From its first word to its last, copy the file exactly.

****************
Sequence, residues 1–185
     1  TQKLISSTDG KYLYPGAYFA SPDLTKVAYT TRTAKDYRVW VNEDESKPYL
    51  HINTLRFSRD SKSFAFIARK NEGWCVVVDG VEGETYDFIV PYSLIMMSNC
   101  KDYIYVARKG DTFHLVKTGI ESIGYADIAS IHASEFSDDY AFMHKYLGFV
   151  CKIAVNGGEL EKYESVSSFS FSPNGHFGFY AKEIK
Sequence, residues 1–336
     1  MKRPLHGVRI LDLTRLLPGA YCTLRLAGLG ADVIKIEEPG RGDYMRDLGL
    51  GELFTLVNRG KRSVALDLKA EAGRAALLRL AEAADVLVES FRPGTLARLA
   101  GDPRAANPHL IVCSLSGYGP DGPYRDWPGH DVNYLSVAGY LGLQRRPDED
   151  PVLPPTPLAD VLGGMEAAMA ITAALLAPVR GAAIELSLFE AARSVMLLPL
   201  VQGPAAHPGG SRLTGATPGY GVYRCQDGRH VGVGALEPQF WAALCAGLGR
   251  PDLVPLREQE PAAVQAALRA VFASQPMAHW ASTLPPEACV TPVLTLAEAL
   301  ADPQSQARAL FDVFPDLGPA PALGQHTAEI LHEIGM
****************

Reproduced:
Sequence, residues 1–185
     1  TQKLISSTDG KYLYPGAYFA SPDLTKVAYT TRTAKDYRVW VNEDESKPYL
    51  HINTLRFSRD SKSFAFIARK NEGWCVVVDG VEGETYDFIV PYSLIMMSNC
   101  KDYIYVARKG DTFHLVKTGI ESIGYADIAS IHASEFSDDY AFMHKYLGFV
   151  CKIAVNGGEL EKYESVSSFS FSPNGHFGFY AKEIK
Sequence, residues 1–336
     1  MKRPLHGVRI LDLTRLLPGA YCTLRLAGLG ADVIKIEEPG RGDYMRDLGL
    51  GELFTLVNRG KRSVALDLKA EAGRAALLRL AEAADVLVES FRPGTLARLA
   101  GDPRAANPHL IVCSLSGYGP DGPYRDWPGH DVNYLSVAGY LGLQRRPDED
   151  PVLPPTPLAD VLGGMEAAMA ITAALLAPVR GAAIELSLFE AARSVMLLPL
   201  VQGPAAHPGG SRLTGATPGY GVYRCQDGRH VGVGALEPQF WAALCAGLGR
   251  PDLVPLREQE PAAVQAALRA VFASQPMAHW ASTLPPEACV TPVLTLAEAL
   301  ADPQSQARAL FDVFPDLGPA PALGQHTAEI LHEIGM